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was not joining the board despite the fact that i believe the company was called sukhoi are that the partners had worked together on other investments. my company has zero part of this, and he thought it was not good judgment. michael goodwin, just a quick comment on what you saw in that last q&a? >> i think it's important to remember that the trump defense lawyers brought up a lot of that email the other day. >> martha: they did. >> the reason i believe is that they were trying to preview what happened to the bidens under their cross-examination. some of these guys are former cross prosecutors, pam bondi. this is a preview of the bidens, what we are going to do to the bidens. this is the mutually assured destruction. if you go down the road, we'll put the bidens on, the both of them and hunter biden cannot stand that kind of weathering cross-examination that he would get from the trump lawyers. >> martha: is pretty clear no matter what happens with this part of the procedure, that
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discussion is going to go on throughout the entire 2020 election and so is the other side of it about the president and this phone call. let's step back and then will watch some more let's step back in and we'll watch some more. >> thank you, mr. chief justice. i want to thank the senators again for your hospitality and soliciting to both sides as we endeavor to answer your questions. thank you for that question. i think, first and foremost, there has been a troubling pattern of possible conflict of interest that we have seen from the beginning of this administration through this moment. but the allegations here related to the abuse of power charge is that in this specific instance, the president tried to cheat by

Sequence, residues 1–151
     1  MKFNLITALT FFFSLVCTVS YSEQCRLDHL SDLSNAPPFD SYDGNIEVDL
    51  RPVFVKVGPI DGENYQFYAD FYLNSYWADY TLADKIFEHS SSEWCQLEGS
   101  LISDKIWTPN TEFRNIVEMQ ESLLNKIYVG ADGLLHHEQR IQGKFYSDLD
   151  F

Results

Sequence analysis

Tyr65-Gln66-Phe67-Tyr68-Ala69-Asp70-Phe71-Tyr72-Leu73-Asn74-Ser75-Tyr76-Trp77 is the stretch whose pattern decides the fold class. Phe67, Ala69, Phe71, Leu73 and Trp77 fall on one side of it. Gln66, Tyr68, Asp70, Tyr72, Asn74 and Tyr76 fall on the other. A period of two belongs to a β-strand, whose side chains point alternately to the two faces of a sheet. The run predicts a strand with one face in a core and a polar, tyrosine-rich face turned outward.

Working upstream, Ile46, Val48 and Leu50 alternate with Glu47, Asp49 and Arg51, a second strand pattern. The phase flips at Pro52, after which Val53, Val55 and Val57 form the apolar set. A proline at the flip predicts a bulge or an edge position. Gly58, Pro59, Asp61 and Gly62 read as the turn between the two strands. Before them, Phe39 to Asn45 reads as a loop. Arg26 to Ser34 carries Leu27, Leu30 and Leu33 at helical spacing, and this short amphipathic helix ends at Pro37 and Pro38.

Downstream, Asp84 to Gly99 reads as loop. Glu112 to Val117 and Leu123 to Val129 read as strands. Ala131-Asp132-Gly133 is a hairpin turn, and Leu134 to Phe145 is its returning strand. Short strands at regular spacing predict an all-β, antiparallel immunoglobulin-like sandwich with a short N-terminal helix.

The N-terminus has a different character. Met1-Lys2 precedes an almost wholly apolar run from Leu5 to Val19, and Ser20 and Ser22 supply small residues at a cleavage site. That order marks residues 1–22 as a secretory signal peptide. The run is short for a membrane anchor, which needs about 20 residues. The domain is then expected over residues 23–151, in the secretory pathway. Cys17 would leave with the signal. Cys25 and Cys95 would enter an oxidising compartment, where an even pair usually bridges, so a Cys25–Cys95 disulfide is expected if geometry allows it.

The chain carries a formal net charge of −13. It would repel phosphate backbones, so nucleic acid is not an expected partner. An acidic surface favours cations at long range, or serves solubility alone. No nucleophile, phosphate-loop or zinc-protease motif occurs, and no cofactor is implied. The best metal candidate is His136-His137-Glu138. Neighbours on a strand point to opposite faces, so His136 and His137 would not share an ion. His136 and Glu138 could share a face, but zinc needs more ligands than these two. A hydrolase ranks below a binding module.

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soliciting foreign interference in an american election. by trying to gin up phony investigations against a political opponent. now, what counsel for the president has said is that what the president was really interested in is corruption, that he is an anticorruption crusader. for you to believe the president's narrative, you have to conclude that he's an anticorruption crusader. perhaps his domestic record is part of what senators can reasonably consider, but let's look at the facts of the central charge here. the president had two because with president zelensky. on april 21st and on july 25th. in both instances, he did not
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mention the word "corruption" once. "release the transcripts, the word corruption was not mentioned by donald trump ones. we also know that in may of last year, president trump's own department of defense indicated me that the new ukrainian government had met all necessary preconditions of the receipt of the military aid, including the implementation of anticorruption reforms. that is president trump's department of defense saying that there is no corruption concerns as it relates to the release of the aide. now, i think we can all acknowledge as the president's counsel indicated that there was a general corruption challenge with ukraine.
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i think the exact quote was, "since the fall from the soviet union, ukraine has suffered from one of the worst environments for corruption in the world." certainly i believe it was the case, but here's the clear question: why did president trump wait until 2019 to pretend as if he wanted to do something about corruption? let's explore. did ukraine have a corruption problem in 2017? generally, the answer is yes. did president trump this like foreign aid in 2017? the answer is yes. what did president trump do about these alleged concerns in 2017? the answer is nothing. under the same exact conditions the president claims motivated him to seek a pony political investigation on the bidens and place a hold on the money, the president did nothing. did not seek an investigation into the biden bidens in 2017.